Charlie Rymer joins PGA of America

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I’ve been studying!

No. Seriously. Stop laughing.

I’ve even been taking tests. More importantly, I’ve been passing tests.

On August 3, I was elected as a member of the PGA of America. I’m proud to be one of the 28,000 PGA professionals who are charged with growing and increasing the enjoyment of the game.

The process of becoming a PGA of America member was more challenging than I had imagined. Because I’m a former member of the PGA Tour I wasn’t required to take the playing ability test that all PGA of America members must pass. That’s a good thing because my game hasn’t been so sharp lately.

I was required to take and pass 14 tests given in four sittings that cover a vast amount of material on the business of golf. The curriculum was diverse and included subjects like teaching theory, business planning, golf car fleet management, customer relations, food and beverage, market and merchandising, turfgrass, etc. I have a renewed appreciation for the value a PGA professional brings to a golf operation now that I have gone through the testing.

Of particular interest to me was the material on teaching golf. A big part of my job description as co-host of “Morning Drive” is to help our viewing audience play better golf. While I have experience as a player I’ve never worked as a formal golf instructor. My approach to teaching on television has always been to give the viewing audience playing tips just like I would give a playing partner in a pro-am. I’ll stay with that approach, but after learning the material in the PGA program I feel that I’ll be even more effective in helping people play better golf. I’ll continue this process through continuing education classes at the PGA Learning Center in Port St. Lucie, Fla., and by networking opportunities with other PGA professionals at functions, events and tournaments.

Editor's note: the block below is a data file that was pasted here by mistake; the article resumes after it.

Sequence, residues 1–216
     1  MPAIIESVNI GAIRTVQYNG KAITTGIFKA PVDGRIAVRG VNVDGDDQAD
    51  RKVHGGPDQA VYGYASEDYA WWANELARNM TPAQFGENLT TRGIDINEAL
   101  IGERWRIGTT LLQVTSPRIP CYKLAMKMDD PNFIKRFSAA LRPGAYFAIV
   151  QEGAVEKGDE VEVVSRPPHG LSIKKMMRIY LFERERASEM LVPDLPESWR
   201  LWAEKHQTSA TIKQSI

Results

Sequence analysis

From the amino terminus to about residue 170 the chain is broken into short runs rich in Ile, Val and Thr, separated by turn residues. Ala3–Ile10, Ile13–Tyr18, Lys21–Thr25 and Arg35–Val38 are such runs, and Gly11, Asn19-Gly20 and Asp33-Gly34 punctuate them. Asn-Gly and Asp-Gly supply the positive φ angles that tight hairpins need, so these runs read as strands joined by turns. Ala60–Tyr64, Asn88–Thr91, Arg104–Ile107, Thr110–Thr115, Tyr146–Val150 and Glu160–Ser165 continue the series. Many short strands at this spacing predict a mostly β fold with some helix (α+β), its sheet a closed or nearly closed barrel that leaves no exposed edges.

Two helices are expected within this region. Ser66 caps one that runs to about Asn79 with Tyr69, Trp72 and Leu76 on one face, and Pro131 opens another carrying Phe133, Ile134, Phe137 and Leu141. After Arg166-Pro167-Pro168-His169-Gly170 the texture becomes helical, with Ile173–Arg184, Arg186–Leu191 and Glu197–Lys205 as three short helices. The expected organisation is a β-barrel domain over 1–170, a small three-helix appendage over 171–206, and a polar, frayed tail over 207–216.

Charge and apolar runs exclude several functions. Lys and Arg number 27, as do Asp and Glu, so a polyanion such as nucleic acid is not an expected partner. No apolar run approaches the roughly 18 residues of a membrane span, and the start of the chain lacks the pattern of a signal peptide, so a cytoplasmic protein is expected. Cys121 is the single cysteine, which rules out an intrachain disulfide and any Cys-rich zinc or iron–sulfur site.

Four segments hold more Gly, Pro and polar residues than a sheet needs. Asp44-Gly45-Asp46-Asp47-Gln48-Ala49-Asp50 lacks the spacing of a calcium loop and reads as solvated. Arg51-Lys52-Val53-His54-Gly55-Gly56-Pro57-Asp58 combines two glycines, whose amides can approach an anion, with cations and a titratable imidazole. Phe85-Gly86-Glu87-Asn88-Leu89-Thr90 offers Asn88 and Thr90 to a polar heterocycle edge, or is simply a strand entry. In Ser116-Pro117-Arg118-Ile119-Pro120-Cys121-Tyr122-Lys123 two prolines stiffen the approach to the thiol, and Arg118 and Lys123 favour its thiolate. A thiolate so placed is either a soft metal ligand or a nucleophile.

So why would a 47-year-old man with a steady job decide to go back to school and hit the books? The answer is simple. Golf has been very good to me. I learned this great game from PGA professionals. These men had a profound impact on my life. I learned how to play golf from PGA professionals.

But I learned so much more than that. I learned how to dress and act and speak. I learned how to conduct a golf clinic and how to make people laugh. I learned how to make people comfortable in tense situations. I learned how to win and more importantly how to lose. I learned about respect, integrity, honesty and work.

When I got in trouble I was disciplined by my pro and my dad. When I did something good I celebrated with my pro and my family. I learned the history and traditions of golf. I learned life from PGA professionals. I can’t really do anything to pay them back. But I can support them by becoming a member of their organization. Hopefully that will put me in a position to “pay forward” at least a small portion of what they taught me.